Naming a business is challenging. Whether you’re rebranding or starting from scratch, you know it all starts with a name. A name can be powerful and memorable, or it can cause problems for potential customers.
We’ve been helping a few organizations produce ideas for names lately, and here are nine things to consider as you through the process.
- The URL – Your business name should have a matching URL — or close. Getting the exact match with a .com is not as easy as it used to be, so you may have to adjust the URL. As you create a list of potential business names, search for related web addresses. If your favorite one is taken but you still want to use that name, you might add “NC” or your state to the URL, or change words such as “the” to “your.” You can also consider extensions (also called top-level domains) instead of .com. While no one wanted .net, there are many more to choose from such as .marketing, .lawyer, and others. They are becoming more popular and your SEO won’t suffer, so even if your chosen URL is taken for .com, it’s OK to consider other options. (Of course, don’t choose .lawyer if you’re not a lawyer!)
- The Competition – What names, logos, and brands are already out there in your industry? Obviously, you don’t want to choose something already taken, but you probably also want to steer away from sounding too similar.
- Inappropriate Memes and More – Landmines are everywhere. If you have a name in mind, google it just to see what comes up. Try some variations on it, too. You might find another business with that name — or a meme you’d rather not associate with! You can even search for the name and “meme” to see if you unearth anything odd. Check the urban dictionary for the words you’re using. Plenty of harmless words have an alternate meaning, and that might be OK if it’s something obscure. Still, it’s better to know in advance!
- The Length – Longer names are harder to manage. Sure, you might be able to get the exact URL, but a longer name will clutter your website and business cards, and it’s harder to make into a hashtag. Longer names don’t roll off the tongue when your clients are referring you, either.
- Sound it Makes – Speaking of referrals, sound out your potential business names. Say them out loud in different tones and voices. Put the accent on different syllables. We realize this exercise sounds ridiculous, but you want to choose a name that people want to say, and this will help you determine how easy that is.
- The General Feeling – Words are powerful tools. Make sure your name matches the feeling, the level of professionalism, the price range, and personality of your business. A clown college might have a silly name, but your law office probably shouldn’t. Sure, that’s an obvious example, but if you’re a mechanic focusing only on high-end cars, your name shouldn’t be “Bob’s Auto Repair.” We went through this recently with a landscaping company. Some landscapers are those who come out and mow your lawn each week, doing little else. Others are the ones that manage clients in gated communities and turn their lawns into works of art. The name should reflect the level of your business.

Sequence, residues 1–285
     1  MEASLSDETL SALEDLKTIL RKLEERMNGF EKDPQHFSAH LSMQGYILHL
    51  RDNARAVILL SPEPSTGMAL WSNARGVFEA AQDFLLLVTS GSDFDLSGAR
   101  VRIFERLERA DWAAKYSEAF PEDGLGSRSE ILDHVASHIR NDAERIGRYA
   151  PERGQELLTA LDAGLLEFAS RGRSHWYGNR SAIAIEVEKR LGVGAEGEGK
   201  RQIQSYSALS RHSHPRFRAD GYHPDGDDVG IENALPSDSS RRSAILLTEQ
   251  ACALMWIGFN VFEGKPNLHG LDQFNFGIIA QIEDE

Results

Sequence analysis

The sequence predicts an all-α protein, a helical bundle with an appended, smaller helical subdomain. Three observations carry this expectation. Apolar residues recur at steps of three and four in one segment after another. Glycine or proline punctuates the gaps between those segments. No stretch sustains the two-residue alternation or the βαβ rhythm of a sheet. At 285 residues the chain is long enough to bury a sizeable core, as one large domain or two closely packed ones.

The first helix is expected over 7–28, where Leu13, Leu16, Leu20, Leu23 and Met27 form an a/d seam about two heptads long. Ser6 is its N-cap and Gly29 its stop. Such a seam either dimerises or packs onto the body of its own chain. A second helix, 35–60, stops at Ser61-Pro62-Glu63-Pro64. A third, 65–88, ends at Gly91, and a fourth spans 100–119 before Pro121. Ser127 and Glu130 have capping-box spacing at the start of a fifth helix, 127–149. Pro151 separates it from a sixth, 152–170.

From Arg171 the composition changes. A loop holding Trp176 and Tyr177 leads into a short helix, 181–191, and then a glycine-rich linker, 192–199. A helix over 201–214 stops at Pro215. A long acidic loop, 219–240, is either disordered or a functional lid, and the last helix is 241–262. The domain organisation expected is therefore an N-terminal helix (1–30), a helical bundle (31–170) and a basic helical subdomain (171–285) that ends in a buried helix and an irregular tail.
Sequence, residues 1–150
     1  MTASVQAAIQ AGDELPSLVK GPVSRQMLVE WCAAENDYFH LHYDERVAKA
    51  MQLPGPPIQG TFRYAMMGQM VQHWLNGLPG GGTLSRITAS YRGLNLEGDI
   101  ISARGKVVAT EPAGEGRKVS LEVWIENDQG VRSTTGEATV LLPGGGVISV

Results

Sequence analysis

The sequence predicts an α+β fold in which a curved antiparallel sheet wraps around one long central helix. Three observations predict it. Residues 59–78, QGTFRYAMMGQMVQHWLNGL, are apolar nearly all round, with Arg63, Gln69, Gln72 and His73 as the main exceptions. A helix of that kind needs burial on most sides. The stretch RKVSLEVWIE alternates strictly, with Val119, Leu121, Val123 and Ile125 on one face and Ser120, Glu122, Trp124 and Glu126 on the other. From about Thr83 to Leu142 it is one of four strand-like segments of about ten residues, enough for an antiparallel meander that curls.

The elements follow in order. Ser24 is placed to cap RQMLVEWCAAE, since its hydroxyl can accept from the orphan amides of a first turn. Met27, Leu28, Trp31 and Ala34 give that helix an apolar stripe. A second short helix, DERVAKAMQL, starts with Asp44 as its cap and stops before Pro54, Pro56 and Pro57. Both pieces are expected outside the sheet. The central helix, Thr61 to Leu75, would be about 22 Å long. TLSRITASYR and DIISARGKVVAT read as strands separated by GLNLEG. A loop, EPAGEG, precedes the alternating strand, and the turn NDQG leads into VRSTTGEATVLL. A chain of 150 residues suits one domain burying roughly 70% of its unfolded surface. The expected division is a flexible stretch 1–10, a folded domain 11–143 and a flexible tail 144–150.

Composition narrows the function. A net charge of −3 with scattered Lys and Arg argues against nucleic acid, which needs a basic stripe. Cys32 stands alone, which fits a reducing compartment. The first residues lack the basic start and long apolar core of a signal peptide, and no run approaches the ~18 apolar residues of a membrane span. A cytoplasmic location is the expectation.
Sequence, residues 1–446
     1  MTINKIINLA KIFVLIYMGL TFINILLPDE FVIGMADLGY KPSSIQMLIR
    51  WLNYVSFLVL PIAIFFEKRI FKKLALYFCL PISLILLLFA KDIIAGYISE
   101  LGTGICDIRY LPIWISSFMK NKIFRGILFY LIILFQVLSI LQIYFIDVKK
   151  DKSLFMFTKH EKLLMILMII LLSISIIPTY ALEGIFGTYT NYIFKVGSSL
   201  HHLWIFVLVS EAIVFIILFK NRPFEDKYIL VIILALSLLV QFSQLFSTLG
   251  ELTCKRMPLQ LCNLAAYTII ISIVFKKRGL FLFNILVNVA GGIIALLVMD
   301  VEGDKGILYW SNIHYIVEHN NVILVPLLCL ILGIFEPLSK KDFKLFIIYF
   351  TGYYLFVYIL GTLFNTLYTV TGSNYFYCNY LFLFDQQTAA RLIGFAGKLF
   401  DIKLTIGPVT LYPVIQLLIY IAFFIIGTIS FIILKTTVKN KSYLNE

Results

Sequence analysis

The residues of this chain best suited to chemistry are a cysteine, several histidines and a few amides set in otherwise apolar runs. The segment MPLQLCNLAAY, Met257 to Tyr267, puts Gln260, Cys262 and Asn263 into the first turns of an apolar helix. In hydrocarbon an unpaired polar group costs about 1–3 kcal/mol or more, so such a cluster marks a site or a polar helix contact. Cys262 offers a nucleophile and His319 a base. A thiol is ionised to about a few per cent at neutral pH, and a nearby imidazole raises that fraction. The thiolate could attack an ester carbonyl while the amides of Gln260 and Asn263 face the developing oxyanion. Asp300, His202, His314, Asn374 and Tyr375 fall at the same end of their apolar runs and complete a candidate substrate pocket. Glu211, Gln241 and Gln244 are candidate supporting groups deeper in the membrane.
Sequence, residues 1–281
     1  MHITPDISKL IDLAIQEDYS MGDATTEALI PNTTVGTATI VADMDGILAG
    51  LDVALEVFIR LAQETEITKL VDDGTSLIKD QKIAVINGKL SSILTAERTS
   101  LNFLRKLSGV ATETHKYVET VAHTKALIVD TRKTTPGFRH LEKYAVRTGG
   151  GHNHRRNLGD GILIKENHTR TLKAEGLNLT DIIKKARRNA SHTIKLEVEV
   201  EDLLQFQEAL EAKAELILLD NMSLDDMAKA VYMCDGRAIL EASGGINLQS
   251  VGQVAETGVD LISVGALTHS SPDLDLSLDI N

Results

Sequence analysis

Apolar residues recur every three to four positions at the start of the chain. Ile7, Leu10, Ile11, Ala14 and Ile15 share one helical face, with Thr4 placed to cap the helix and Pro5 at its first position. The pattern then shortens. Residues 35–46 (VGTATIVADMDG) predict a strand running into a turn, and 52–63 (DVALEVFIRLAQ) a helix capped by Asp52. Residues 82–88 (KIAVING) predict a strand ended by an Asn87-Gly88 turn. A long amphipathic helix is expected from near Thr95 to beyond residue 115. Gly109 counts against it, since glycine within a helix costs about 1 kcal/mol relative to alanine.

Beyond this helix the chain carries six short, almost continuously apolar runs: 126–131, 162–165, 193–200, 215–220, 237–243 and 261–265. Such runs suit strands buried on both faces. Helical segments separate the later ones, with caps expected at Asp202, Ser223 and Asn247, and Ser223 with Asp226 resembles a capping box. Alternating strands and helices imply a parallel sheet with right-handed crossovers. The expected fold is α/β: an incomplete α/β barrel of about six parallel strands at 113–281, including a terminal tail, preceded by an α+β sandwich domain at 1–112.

- The Thesaurus – Still struggling to find a name that works? Run some of your words through a thesaurus and brainstorm the results. You want your business name to give a clue about what you do; search for variations on those words to mix it up a little. However, don’t get too obscure. You might find it cool to use a reference from science or mythology or even today’s pop culture, but if others won’t get it, reconsider. (See below for more on this.)
- Your Name – We often find it tempting to put our own first or last name on a business. And why not? It’s yours! But if you want to sell the company someday, it might be better to look elsewhere. If your name is hard to spell or say or something common like “John Smith,” you should find another option. Plus, we’re all used to lawyers using their names for their firms. Names evoke a feeling of law firms or other professional services such as financial managers. That’s not to say you can’t use it; names worked for Ben & Jerry’s ice cream. However, it’s something to think about.
- Legalities – We’re not lawyers, but of course, when you start a business, you’ll need to make sure no one else has registered that name. Check with your Secretary of State’s directory or the federal Trademark office to make sure your name isn’t taken. In some cases, you can use the same name if your business is different and is located elsewhere, but it’s best to research this thoroughly.
Brainstorming Name Ideas
Now that you’ve considered some of the critical factors, here are some ways to get thinking about a name:
- Playful Slang – This approach relies on words relating to the industry, such as coffee or beans if you’re opening a coffee shop.
- Descriptive – These names describe exactly what your business does, such as “auto repair” or “The Weather Channel.” You hear it and you know what you’re getting.
- Suggestive – This approach is more subtle. For example, Amazon is named that way to denote its size and breadth of offerings.
- Arbitrary – It’s OK to choose a name that has no connection with the product or is a made-up word. Apple, for example, has nothing to do with computers!
- Synthetic – If you’re using a thesaurus, you might produce a synthetic brand name, which relies on word meanings and variations. Xerox comes from the Greek word xeros meaning, “to dry.”
- Founder-centric – If you want to include your name, you may go with a founder-centric approach. We mentioned Ben & Jerry’s, for example.